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CFED and the 1:1 Fund

28 Jun

The Corporation of Enterprise Development (CFED), a national nonprofit based in Washington, DC, is dedicated to expanding economic opportunity for low-income families and communities. Their impact is achieved through their “think-do-invest” approach grounded in public policy, community practice and private markets:

  • Think: CFED explores ideas and practices that enable families and communities to participate in the mainstream economy
  • Do: They gather investors, local businesses and policymakers to demonstrate how programs would work for communities nationwide
  • Invest: They onboard investors and policy advocates eager to see the large scale implementation of programs that could bring about positive social and economic change

The 1:1 Fund: Among the most recently implemented programs is the 1:1 Fund, CFED’s newest social enterprise. The 1:1 Fund is a creative approach to enlisting donor support and creating economic opportunity for American’s youth. The program is led by Carl Rist out of Durham’s CFED office. Carl previously served as the director of CFED’s Saving for Education, Entrepreneurship and Downpayment (SEED) initiative, bringing innovative matched savings programs to children and youth in low-income families. The 1:1 Fund, on the other hand, is an online savings portal that harnesses the power of technology, state-of-the-art marketing and data management, enabling donors to help students save money. Simply put, it’s an opportunity for anyone to match their donation with that of a student to help them realize their dreams.

How does it work? For every dollar a student saves, their donor matches the same amount, penny for penny. Research shows that a student with a savings account is four times more likely to go to college, seven times more likely if the account is in their own name! The dreams of too many students remain dreams simply because of the lack of support and access to funding. The 1:1 Fund presents a solution to this problem.

Think about it, then do it… invest! Here’s a link to the 1:1 Fund, the CFED website and their social links:


Green Plus: Helping small go green!

27 Jun

For the last decade or so, the media has been awash with news of big business making positive social and environmental change through their sustainability initiatives. Today, corporate social responsibility (CSR) has become a norm, not only to please the growing concerns of conscious consumers but to reap the benefits of CSR programs: cost savings, happier employees, greater efficiencies, improved business ethics, the list goes on… While big business – the large multinationals the media love to scrutinize – may steal the limelight, many small businesses were left out of the conversation.

This was the realization of Tony Waldrop, of the University of North Carolina, back in 2004. Tony wondered when green opportunities would make their way to the many small businesses and nonprofits in his community. There was a disconnect: While these small businesses were eager to “go green,” the big business solutions were impractical and out of reach.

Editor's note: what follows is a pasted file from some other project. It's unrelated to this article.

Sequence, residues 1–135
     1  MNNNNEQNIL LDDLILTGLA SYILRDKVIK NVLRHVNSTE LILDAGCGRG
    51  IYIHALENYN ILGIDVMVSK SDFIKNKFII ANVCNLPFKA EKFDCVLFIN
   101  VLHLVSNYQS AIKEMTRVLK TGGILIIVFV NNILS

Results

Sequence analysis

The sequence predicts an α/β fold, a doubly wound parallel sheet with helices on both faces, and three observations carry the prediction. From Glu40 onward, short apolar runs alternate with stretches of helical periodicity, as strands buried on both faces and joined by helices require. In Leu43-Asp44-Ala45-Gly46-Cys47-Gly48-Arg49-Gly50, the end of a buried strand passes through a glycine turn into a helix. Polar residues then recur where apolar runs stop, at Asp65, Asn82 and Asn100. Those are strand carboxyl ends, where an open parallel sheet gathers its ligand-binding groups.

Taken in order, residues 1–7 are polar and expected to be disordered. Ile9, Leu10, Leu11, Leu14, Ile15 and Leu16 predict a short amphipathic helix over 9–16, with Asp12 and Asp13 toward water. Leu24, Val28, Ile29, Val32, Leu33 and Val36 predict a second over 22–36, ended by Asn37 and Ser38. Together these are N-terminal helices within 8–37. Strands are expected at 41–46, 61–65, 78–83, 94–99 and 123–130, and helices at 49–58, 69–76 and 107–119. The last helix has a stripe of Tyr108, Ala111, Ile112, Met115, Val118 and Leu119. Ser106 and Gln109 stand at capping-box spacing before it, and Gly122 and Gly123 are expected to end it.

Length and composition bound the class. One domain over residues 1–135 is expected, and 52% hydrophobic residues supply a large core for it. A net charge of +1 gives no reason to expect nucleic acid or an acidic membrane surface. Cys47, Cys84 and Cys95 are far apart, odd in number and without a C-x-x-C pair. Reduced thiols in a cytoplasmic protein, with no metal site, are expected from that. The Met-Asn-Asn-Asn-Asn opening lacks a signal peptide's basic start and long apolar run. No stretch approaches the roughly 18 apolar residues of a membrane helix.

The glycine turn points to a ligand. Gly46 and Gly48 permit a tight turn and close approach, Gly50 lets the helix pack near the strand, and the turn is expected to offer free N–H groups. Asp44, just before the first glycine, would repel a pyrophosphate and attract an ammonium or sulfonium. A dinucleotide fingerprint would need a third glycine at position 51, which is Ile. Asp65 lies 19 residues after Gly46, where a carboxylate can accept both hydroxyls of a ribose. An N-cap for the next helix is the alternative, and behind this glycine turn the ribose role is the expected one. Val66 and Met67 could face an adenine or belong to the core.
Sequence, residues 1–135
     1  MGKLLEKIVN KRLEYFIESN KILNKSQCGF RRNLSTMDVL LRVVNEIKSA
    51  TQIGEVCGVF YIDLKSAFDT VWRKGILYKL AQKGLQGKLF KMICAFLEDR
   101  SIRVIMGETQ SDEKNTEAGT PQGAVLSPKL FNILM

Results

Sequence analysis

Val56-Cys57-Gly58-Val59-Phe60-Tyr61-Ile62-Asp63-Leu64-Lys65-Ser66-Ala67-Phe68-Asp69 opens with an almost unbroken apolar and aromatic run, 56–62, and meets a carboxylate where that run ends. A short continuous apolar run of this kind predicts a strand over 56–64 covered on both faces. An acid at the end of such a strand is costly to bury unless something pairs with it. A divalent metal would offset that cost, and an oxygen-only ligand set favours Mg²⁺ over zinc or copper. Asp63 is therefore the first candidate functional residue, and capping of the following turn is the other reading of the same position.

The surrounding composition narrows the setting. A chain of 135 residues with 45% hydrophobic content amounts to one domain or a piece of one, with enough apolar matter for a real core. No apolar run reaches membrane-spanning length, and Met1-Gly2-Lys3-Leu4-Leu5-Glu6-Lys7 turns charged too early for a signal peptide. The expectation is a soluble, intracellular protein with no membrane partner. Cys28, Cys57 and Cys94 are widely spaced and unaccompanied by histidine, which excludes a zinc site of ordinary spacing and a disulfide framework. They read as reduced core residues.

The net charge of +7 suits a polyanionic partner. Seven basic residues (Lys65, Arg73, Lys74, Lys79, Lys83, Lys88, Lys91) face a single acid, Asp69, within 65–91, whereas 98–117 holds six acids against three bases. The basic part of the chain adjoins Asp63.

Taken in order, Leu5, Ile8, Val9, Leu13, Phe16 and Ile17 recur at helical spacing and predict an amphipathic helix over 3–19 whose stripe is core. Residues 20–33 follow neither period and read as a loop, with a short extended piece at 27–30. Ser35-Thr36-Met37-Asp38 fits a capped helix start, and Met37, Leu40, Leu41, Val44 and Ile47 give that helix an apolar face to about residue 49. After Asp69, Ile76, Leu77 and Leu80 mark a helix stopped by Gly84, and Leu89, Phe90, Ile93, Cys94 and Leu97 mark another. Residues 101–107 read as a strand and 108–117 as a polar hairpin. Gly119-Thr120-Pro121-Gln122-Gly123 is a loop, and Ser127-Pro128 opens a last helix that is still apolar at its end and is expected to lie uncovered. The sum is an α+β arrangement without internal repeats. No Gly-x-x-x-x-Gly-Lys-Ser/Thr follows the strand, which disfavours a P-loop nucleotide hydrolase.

Working with UNC’s business school, Tony set about closing the gap between the university’s excellent sustainability programs and local businesses. While UNC worked in a business plan, Tony formed a group of interested parties including local businesses, chambers of commerce, and philanthropists. In 2009, with the business plan ready and social entrepreneur Chris Carmody at the helm, a pilot program was launched, now known as Green Plus.

On April 12, the Institute for Sustainable Development honored the 2012 Green Plus Sustainable Enterprise Award Winners at the Research Triangle Park Foundation.

Today, just three short years later, Green Plus operates in 12 states, working with over 250 small businesses. Their 2-year certification program enables Green Plus to “educate, motivate, and recognize smaller enterprises for their efforts towards becoming more sustainable.” A 2011 Duke University survey of 31 Green Plus businesses found that:

  • 87% of businesses institutionalized their sustainability programs
  • 52% believed Green Plus certification generated new business
  • In most cases, over 80% of employees participated in the sustainability efforts
  • 77% of the business created partnerships with nonprofits through volunteering, donations, or in-kind support
  • Click here to learn more about their work and impact

Green Plus continues in its mission of democratizing the triple bottom line (people, planet and profit) of sustainability by making it accessible to small businesses and their communities. Here’s their social links, connect with them:

Meals on Wheels of Durham: Over 1.75 million meals served

26 Jun

The Meals on Wheels Association of America (MOWAA) is regarded as the oldest and largest organization in the United States offering meal services to people in need. What began with canteens to British service men during World War II grew into America’s first Meals on Wheels program launched in Philadelphia in the 1950s. Today MOWAA is the largest volunteer army in the nation with between 800,000 and 1,7 million volunteers working in 5,000 local Senior Nutrition Programs and providing more than one million meals a day.